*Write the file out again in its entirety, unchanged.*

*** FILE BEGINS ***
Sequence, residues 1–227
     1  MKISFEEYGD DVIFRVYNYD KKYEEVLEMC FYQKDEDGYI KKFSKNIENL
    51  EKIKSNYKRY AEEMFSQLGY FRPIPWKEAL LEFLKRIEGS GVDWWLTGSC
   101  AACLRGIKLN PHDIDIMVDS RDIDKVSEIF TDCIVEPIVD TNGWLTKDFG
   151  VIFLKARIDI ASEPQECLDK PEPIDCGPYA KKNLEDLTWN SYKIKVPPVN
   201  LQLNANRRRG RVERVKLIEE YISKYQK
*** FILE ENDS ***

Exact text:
Sequence, residues 1–227
     1  MKISFEEYGD DVIFRVYNYD KKYEEVLEMC FYQKDEDGYI KKFSKNIENL
    51  EKIKSNYKRY AEEMFSQLGY FRPIPWKEAL LEFLKRIEGS GVDWWLTGSC
   101  AACLRGIKLN PHDIDIMVDS RDIDKVSEIF TDCIVEPIVD TNGWLTKDFG
   151  VIFLKARIDI ASEPQECLDK PEPIDCGPYA KKNLEDLTWN SYKIKVPPVN
   201  LQLNANRRRG RVERVKLIEE YISKYQK